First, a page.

Former soldier sentenced for sex assault on stepdaughter
A former soldier accused of sexually assaulting his stepdaughter was sentenced on Friday to three and a half years in prison, less 11 months credit for time served in pre-trial custody.
The 39-year-old man, whose name is withheld to protect the victim’s identity, was convicted in Red Deer Court of Queen’s Bench on Nov. 8 of a single count of sexual touching.
Justice Keith Yamauchi said during sentencing on Friday that while he was satisfied that an assault on the late evening of Aug. 24, 2011, did take place, there was not enough evidence to satisfy him beyond a reasonable doubt concerning additional allegations.
Even though there was no evidence of actual intercourse, the act was a major sexual assault, said Crown prosecutor Robin Snider.
She asked for a four-year sentence, with credit at par for the 11 months the man served in remand from his arrest in 2011 until his release after a preliminary hearing in July of 2012.
Snider asked Yamauchi to consider that the girl had been assaulted in her own bed, where she should have been safe. She also asked Yamauchi to look at the act as planned and deliberate, because the stepfather waited until everyone was asleep before entering the girl’s bedroom.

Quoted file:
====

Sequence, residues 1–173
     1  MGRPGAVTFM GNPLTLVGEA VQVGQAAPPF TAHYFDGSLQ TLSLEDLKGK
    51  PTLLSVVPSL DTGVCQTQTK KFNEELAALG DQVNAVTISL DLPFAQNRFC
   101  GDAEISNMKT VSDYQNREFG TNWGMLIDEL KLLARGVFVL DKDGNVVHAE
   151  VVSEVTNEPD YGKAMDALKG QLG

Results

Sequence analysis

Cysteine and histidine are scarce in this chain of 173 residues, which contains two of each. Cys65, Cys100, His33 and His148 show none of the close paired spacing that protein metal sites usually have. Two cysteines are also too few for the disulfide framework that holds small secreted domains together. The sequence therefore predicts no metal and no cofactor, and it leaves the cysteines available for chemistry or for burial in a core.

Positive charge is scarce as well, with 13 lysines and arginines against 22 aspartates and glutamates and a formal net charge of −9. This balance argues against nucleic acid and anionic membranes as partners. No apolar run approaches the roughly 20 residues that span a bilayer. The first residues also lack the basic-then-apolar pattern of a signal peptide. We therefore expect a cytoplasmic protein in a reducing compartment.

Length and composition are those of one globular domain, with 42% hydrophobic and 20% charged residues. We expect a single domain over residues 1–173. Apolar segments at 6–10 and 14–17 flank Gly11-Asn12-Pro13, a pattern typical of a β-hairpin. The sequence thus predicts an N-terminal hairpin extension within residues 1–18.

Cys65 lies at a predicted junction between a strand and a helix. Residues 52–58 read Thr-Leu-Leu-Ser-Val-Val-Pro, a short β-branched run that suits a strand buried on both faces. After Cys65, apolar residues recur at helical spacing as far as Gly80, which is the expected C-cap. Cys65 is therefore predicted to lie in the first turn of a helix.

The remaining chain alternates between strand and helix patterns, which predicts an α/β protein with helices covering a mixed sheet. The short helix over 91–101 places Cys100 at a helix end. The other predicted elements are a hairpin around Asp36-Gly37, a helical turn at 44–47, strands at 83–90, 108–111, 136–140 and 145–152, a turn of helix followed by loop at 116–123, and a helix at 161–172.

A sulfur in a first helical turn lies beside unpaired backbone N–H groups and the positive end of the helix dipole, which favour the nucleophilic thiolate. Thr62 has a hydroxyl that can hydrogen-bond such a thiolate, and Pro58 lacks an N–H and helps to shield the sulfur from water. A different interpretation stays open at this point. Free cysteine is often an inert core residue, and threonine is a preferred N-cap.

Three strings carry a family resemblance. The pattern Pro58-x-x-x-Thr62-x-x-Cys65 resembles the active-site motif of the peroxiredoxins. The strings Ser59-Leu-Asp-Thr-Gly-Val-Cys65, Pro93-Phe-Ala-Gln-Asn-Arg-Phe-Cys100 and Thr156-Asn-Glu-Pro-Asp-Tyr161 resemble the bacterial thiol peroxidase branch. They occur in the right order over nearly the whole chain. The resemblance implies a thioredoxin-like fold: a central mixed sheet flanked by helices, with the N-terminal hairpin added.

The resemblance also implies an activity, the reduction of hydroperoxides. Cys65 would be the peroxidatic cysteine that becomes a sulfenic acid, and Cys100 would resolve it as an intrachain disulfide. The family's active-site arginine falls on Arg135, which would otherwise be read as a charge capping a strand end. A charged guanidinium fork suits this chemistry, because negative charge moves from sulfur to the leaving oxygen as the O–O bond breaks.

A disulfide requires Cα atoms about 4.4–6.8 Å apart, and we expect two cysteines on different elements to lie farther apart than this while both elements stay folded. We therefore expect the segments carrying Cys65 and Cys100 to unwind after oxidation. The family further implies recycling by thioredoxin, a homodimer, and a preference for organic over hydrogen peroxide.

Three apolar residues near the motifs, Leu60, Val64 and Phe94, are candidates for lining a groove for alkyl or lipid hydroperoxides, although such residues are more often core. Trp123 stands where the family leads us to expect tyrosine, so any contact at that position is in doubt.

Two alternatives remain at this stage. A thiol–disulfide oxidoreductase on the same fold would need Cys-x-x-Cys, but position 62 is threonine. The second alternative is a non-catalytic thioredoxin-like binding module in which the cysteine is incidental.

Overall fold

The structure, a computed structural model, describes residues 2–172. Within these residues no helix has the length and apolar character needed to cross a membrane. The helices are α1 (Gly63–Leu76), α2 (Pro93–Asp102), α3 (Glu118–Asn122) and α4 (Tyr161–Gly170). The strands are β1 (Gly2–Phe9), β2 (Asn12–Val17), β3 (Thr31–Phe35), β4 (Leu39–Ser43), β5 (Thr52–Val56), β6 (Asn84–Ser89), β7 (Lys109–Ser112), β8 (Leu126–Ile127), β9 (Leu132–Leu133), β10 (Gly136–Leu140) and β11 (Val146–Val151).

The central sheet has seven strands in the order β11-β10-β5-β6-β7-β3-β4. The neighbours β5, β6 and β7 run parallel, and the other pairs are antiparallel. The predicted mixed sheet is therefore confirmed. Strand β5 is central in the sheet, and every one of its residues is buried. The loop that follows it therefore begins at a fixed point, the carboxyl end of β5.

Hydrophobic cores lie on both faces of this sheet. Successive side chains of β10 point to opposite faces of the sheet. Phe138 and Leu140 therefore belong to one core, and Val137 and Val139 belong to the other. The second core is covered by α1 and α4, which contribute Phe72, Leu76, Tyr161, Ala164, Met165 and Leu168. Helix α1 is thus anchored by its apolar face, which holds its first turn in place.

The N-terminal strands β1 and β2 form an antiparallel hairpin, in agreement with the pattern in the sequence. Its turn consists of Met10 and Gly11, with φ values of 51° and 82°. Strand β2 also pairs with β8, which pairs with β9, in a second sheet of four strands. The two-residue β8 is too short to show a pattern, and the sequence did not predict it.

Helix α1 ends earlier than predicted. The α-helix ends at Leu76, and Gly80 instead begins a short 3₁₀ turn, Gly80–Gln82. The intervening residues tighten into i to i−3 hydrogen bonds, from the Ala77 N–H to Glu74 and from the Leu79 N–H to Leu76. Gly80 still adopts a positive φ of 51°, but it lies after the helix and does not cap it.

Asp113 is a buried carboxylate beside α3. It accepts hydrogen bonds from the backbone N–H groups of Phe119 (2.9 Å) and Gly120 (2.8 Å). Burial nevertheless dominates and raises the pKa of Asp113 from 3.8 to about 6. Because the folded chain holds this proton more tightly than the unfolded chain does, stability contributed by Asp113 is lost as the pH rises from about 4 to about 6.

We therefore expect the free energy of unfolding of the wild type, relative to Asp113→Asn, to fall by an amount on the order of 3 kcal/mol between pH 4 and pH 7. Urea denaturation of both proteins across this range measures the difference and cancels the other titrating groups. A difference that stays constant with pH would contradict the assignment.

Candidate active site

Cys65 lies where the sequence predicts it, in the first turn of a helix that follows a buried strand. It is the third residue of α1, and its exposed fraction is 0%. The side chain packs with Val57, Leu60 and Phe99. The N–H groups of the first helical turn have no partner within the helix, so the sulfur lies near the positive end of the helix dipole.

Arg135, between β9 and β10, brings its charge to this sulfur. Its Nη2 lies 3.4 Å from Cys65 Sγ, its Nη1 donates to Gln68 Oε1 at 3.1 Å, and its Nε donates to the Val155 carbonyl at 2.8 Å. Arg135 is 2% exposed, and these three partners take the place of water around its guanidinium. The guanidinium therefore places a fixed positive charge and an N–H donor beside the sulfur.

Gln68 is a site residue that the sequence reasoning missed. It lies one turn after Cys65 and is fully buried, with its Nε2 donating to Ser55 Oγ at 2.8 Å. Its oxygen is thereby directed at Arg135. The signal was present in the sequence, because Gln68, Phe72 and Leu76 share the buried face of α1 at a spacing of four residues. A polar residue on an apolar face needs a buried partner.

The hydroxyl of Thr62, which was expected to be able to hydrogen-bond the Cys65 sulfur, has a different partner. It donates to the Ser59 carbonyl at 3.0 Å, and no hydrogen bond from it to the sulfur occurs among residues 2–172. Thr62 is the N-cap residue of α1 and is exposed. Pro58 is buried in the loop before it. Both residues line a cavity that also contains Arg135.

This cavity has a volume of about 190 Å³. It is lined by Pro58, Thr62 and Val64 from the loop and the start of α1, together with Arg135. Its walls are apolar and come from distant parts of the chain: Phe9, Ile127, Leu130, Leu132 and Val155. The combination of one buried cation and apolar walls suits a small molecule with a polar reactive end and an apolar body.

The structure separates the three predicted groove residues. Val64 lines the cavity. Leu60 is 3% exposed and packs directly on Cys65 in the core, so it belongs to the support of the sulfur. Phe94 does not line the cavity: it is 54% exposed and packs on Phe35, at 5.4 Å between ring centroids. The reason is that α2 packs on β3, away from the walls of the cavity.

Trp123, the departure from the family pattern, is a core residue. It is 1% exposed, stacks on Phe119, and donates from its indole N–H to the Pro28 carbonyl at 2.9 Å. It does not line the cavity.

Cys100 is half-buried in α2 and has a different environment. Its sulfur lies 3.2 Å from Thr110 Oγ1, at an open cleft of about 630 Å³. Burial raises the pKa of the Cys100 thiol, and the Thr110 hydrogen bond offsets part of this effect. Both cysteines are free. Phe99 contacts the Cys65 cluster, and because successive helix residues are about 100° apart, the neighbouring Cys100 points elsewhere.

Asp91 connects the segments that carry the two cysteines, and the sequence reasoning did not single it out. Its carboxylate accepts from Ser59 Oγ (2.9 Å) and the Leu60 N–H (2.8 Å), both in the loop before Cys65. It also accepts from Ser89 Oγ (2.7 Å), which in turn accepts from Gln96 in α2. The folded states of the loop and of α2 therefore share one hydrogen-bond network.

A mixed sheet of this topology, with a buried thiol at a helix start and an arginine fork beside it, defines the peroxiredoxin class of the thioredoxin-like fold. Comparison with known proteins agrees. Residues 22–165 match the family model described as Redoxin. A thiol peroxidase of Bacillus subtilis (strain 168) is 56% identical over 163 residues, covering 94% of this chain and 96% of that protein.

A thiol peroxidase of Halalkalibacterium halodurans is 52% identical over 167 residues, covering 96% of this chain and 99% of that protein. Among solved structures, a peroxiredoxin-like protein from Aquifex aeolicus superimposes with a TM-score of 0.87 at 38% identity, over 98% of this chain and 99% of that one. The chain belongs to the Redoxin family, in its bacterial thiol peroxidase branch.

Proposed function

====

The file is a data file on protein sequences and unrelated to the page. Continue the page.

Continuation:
In addition to the prison sentence, she asked that he provide a sample of his DNA and that he be placed on the National Sex Offenders Registry for a period of 20 years. She said she would not seek a weapons restriction because, while sexual assault is an act of violence, there were no weapons or threats involved in any of the allegations against the man.
Defence counsel Kevin Sproule argued that the offence should be considered a crime of opportunity rather than a planned act, stating that if there was any planning, it was not sophisticated.
Sproule asked that the man be given a day and a half of credit for each day he served in remand, noting that he lost his family, his house and his job while he was in jail.
He then suggested that the man be sentenced to 16.5 months, satisfied by time served, with a period of probation to follow.
Yamauchi said the sentence must reflect society’s condemnation of the assault on the stepdaughter, who was in her early teens.
In addition to the prison sentence, he was ordered to submit his DNA sample, he is prohibited from unsupervised contact with children for 10 years after his release, and his name has been placed on the National Sex Offenders Registry for 20 years.